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Sunday, September 27, 2015

Douglasville - Bitterly Opposed to the Railroad

I recently ran across an article in "The Southern World, dated October 1, 1883 and titled "The Georgia Pacific Railway".

The sub-headings said, "Facts about the great highway - Atlanta looking for a boom that it would bring."

The article confirms many things I've written before regarding the railroad including how work was actually begun before the Civil War, but the war put the project on hold.

The article provides the year 1854 as the year the Georgia legislature chartered the Georgia Western Railroad Company, and mentions work was done including some grading in Fulton and Cobb Counties, but it was abandoned where it remained at a stand still until 1872-1873.

"Work resumed to meet the fate that compelled so many other enterprises to succumb in that period of panic and business prostration..."

Yes, war has a habit of doing that.

In June, 1881, the Richmond and Danville Extension Company organized in order to complete the rail "highway" construction.  General T.M. Logan was president, Major John W. Johnston was VP/General Manager, Major R.H. Temple as Chief Engineer, G.W. Perkins as Treasurer, and Thomas Seddon as Secretary.

One of the great things this article provides is a description of the land west of Atlanta including the land around early Douglasville before and after the railroad. 

The reporter states, "I shall never forget a trip I made across the country on the line of this road. The country was truly a howling wilderness. Without any means of communication with the outside world except the "pony post". The people seemed to belong to another generation; the few little towns along the line appeared to be falling to decay and a lethargy and indolence to have taken possession of everything and everybody."

But after the railroad?

"Towns have sprung up - little places wakened to new life."

The reporter states he can scarcely realize the places along the "road" are the same as two years before.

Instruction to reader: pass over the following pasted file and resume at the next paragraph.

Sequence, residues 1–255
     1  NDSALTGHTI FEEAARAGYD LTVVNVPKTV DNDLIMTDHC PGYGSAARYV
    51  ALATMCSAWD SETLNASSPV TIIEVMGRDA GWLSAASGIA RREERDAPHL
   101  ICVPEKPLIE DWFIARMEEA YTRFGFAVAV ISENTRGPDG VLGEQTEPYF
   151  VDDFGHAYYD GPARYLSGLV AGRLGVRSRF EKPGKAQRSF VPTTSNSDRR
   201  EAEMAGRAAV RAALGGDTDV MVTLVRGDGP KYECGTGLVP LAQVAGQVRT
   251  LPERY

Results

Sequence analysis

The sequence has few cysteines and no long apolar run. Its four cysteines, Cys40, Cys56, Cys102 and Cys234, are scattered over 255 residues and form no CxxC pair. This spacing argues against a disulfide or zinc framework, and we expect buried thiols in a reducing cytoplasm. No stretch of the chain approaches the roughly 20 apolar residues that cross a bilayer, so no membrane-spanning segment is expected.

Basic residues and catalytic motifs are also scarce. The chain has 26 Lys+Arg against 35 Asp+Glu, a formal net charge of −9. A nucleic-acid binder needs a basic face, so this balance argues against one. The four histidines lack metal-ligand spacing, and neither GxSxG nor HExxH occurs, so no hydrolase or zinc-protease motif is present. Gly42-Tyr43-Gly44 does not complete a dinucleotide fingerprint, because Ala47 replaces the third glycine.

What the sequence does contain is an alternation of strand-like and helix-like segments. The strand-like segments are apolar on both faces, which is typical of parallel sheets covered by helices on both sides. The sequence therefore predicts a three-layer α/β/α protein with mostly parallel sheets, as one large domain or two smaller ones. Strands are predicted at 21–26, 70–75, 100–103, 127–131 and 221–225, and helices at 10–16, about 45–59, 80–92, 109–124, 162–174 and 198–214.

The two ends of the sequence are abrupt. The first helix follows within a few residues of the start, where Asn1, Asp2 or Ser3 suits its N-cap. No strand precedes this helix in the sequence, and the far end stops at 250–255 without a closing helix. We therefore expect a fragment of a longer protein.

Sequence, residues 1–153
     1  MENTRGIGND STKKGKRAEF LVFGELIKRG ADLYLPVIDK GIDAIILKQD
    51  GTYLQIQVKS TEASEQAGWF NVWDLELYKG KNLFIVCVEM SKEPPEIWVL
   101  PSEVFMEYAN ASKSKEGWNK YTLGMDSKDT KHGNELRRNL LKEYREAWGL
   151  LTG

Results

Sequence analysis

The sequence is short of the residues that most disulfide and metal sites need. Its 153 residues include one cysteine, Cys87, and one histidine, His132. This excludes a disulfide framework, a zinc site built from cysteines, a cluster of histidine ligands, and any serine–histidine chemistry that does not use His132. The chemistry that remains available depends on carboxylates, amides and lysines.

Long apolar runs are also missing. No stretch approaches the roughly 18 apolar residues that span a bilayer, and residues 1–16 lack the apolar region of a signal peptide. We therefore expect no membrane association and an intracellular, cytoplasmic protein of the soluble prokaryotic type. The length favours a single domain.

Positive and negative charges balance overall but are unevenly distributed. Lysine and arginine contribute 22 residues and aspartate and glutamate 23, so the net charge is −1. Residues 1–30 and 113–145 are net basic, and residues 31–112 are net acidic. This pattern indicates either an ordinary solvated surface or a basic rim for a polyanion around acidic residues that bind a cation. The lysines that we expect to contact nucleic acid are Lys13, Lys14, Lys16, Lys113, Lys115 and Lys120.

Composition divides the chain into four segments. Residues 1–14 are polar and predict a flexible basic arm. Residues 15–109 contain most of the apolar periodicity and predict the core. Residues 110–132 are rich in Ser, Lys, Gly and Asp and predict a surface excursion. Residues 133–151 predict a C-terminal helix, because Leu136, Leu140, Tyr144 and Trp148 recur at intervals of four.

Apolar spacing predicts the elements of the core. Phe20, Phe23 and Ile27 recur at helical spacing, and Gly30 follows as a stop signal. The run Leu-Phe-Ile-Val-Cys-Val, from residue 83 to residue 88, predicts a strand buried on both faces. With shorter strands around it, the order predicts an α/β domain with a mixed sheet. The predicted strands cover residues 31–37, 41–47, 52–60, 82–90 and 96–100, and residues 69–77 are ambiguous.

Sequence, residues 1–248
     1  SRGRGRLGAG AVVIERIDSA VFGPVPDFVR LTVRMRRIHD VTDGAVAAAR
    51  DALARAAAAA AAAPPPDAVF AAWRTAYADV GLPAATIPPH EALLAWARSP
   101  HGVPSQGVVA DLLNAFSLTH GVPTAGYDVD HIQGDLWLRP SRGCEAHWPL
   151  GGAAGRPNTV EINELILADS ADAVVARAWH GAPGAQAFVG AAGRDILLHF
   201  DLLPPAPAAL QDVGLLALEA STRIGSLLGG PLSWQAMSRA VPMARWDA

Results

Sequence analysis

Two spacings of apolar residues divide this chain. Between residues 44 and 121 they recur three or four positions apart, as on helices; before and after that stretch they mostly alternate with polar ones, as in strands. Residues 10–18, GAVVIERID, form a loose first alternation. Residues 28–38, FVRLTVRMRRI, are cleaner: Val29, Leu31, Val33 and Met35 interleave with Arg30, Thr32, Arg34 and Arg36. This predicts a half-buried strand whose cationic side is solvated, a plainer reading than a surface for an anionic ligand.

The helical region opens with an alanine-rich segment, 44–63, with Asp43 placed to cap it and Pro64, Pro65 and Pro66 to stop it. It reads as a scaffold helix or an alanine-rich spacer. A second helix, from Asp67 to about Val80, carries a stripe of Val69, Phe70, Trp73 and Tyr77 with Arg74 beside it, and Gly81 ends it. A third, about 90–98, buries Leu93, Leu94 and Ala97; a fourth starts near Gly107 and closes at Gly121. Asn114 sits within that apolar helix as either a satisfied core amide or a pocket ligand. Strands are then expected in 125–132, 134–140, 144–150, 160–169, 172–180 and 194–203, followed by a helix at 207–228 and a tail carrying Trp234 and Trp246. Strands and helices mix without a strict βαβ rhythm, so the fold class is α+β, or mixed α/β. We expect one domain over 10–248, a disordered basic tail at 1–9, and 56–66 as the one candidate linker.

Heading out of Atlanta one can see the Chattahoochee Brick Yards eight miles of Atlanta making 100,000 bricks a day.

At Austell, the junction of the ET, Virginia & Georgia and the Georgia Pacific.....it was entirely built within the last eighteen months....now with several stores and is rapidly building up.

At Salt Springs - today's Lithia Springs - just a mere twenty-one miles from Atlanta, the depot was established there on June 14, 1883. The reporter states the little town "now has three stores, a printing press, and a population of about 100. The buildings are neat and the citizens are enterprising to push it ahead."

The information regarding Douglasville is most interesting.

"Douglasville - twenty-seven miles from Atlanta, the county seat of Douglas County, and when the "road" reached this town the population was barely 400."

"Many of the people were bitterly opposed to the road, as they feared on account of quick transportation the business of the adjoining country would seek another outlet. Since the advent of the road the population has doubled, the business has increased in proportion and the old fogy notions are fast dying out."

It's interesting to note the folks in town not only opposed the railroad.....they bitterly opposed it, and some folks here were accused of being old fogies.....In 1883!

"The place now boasts 22 stores, 3 hotels, Baptist, Lutheran, and Methodist Churches, 2 academies, and is indeed a prosperous and thriving place."

"Much of the success of this and other places along the line of the road is due to J.S. James who so ably represents this county in our legislature."

Rest assured, J.S. James was one politician who totally looked out for himself even though he was the linchpin to the city and county's early success.

And don't forget Villa Rica......

The depot there was established and lots sold on August 14, 1882. The depot was built within  a half mile of the old town and the place as grown if by magic. There is a "population of 400, 21 stores, livery stable, 2 hotels, a good school, and a great many buildings in the process of erection."


 




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